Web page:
HOS: Search marketing spend seems to be holding up well, right?
Wright: Yes. Given the dour economic climate, marketing budgets are under attack, and online budgets are allocating more to search engine marketing. Overall, online marketing can measure ROI with exquisite accuracy, measuring the “cost per” of almost any desired action; but SEM specifically has such an attractive ROI because it’s often the last click-through before the desired action.
HOS: What impact is that having on other types of marketing outreach?
Wright: The budget struggle between search engine marketing and display begins because the “cost per” for SEM is usually lower than display, resulting in a much better ROI for search. In an even better situation are those SEM players that combine natural and organic search with paid or PPC search. Effective natural search will have the best ROI of all media.
But search results can instill a false sense of exemplary performance because they don't account for all the media, offline and online, that led to the search. Added to this is the perception that online marketing is a completely separate channel, not comparable to other media. Those on the client or agency side involved in traditional offline channels often don’t know their online counterparts. This is especially true if clients have separate offline and online agencies.
This disconnection can even happen within an interactive marketing group, as the search marketing people and those developing really “cool” online media don’t share a common purpose.
HOS: What solutions can you suggest?
Wright: Rather than using a buzzword like “synergy” or citing studies by major display and search media Web sites about the lift in brand awareness and purchase intent for well-established brands, the cry should become “Remember the marketing funnel!”
In the case of online marketing, much of the attention flows toward search because it is an intentional activity, with words or phrases in mind, and is lower in the funnel, being closer to the desired result.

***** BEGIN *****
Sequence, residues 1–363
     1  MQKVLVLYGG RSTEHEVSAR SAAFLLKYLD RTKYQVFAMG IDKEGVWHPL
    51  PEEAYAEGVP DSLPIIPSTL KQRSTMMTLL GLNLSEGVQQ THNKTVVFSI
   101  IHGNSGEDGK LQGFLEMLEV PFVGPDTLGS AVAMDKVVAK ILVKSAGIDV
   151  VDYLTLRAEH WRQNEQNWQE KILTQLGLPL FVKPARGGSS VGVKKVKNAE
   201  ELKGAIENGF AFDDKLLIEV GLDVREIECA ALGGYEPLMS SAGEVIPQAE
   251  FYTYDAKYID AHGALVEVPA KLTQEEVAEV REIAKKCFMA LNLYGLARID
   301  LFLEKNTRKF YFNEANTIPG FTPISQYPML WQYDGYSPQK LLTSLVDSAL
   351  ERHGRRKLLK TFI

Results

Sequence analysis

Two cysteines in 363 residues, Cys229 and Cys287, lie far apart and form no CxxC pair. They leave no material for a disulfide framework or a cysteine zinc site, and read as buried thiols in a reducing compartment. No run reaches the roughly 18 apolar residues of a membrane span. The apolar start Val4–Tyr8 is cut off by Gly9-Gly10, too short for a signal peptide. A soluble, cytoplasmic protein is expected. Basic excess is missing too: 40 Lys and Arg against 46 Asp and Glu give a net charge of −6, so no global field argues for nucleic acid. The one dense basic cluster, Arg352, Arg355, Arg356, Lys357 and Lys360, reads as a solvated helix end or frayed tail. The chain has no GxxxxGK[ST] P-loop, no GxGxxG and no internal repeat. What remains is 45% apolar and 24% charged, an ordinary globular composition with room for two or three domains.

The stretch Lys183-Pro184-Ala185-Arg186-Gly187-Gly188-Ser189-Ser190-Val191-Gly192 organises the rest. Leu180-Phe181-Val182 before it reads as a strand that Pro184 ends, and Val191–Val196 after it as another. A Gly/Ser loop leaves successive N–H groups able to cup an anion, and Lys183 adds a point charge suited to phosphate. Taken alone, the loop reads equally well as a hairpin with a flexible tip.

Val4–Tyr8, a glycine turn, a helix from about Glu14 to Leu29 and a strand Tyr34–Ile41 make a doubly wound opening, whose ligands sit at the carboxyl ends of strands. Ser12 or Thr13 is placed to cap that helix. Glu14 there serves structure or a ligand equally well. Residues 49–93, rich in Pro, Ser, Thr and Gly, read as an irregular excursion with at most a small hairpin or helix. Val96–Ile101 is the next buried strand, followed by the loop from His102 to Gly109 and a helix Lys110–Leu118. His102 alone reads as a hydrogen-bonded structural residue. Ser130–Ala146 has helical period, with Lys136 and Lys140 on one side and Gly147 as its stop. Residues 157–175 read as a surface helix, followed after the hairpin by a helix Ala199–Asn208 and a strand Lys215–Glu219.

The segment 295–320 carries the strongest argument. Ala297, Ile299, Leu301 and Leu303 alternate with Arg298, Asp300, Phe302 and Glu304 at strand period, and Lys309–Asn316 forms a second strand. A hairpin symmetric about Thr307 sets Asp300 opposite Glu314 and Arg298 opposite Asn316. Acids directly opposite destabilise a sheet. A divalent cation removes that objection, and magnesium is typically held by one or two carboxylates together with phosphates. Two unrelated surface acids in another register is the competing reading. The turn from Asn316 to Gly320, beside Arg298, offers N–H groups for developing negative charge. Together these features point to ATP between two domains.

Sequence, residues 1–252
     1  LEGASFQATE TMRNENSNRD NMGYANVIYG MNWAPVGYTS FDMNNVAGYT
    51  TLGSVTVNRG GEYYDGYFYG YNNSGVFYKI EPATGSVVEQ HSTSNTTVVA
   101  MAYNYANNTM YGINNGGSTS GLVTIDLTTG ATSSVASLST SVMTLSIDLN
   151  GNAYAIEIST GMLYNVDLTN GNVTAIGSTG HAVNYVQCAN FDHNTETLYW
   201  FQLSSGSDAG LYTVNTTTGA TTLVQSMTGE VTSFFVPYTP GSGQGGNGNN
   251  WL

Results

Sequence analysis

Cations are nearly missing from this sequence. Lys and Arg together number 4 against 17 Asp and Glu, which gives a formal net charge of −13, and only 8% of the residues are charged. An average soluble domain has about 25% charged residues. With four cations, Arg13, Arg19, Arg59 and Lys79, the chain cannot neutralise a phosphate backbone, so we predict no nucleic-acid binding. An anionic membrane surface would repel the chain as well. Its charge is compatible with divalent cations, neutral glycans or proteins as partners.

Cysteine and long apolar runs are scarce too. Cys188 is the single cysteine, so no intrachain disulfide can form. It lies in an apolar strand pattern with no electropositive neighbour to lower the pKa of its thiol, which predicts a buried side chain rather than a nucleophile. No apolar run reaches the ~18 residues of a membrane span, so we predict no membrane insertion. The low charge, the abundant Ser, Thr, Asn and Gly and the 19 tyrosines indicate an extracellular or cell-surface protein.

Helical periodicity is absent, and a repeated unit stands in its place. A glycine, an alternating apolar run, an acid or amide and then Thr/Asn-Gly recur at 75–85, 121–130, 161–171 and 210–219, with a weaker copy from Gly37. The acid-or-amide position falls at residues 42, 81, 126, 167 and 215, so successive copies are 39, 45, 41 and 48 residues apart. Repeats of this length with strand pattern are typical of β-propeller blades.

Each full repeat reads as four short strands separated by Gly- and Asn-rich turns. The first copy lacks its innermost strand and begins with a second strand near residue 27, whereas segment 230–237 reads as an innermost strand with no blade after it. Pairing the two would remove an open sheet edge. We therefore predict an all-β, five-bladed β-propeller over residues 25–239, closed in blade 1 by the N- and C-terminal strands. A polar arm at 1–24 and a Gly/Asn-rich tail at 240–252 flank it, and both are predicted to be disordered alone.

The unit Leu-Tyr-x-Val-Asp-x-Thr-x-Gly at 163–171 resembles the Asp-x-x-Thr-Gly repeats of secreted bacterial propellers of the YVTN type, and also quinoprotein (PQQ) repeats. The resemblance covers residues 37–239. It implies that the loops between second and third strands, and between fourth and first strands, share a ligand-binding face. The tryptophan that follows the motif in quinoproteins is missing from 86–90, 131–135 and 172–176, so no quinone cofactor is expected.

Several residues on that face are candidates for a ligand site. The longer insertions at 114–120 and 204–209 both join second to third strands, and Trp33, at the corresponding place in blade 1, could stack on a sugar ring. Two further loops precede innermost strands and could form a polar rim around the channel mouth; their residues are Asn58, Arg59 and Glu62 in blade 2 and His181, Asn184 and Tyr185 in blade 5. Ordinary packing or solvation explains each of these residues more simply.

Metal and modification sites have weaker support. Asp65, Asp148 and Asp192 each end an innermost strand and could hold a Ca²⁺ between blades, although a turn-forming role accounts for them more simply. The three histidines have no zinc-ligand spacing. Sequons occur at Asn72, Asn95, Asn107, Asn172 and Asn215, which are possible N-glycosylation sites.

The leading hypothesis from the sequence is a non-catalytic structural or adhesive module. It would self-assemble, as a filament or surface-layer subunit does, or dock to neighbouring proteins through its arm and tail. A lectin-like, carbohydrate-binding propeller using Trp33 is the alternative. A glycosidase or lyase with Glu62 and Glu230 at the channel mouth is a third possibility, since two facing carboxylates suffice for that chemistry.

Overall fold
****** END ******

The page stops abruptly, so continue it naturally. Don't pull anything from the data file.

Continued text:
Display campaigns, on the other hand—while contributing to brand recognition, awareness, affinity and the desired click-through—are higher in the funnel and can provide memorable words or phrases, perhaps attached to images. This is especially important when related to newly introduced products or services.
HOS: If there’s this kind of strong synergy between SEM and display ads, why are non-SEM tactics falling behind?
Wright: It’s easy to attack display advertising in relation to SEM because of SEM’s strong ROI. But looking further up the funnel to compare the ROI of other media puts this in perspective. One of the major problems is that you often can’t look further up the funnel and, if you do, you find that ROI gets very vague. Even so, agencies and businesses actively sharing offline and online media disciplines can more easily look up the funnel to optimize all media channels.
HOS: How should these concepts be analyzed when setting marketing budgets?
Wright: Before the budget ax hits the marketing mix, time would be well spent in understanding the funnel, looking at both the best-performing media as well as at how the less successfully performing or measurable media drive ROI. If anything, economic pressures might drive down the cost of display advertising while raising the cost of SEM. That in turn just might drive a better understanding about marketing budgets.
We’ll be in a much better place when “multiple attribution protocol,” or MAP, matures and becomes a widely accepted and easily deployable online media metrics tool. When this happens, we’ll be able to score, much like in a game, the relative weight of what impression contributed most or least to influencing an action, as well as where and when that happened. Just imagine if that kind of accountability could be extended to pervasive interactive digital TV, mobile and newspaper platforms. The marketing funnel would still exist of course, but the accountability would be dramatically improved.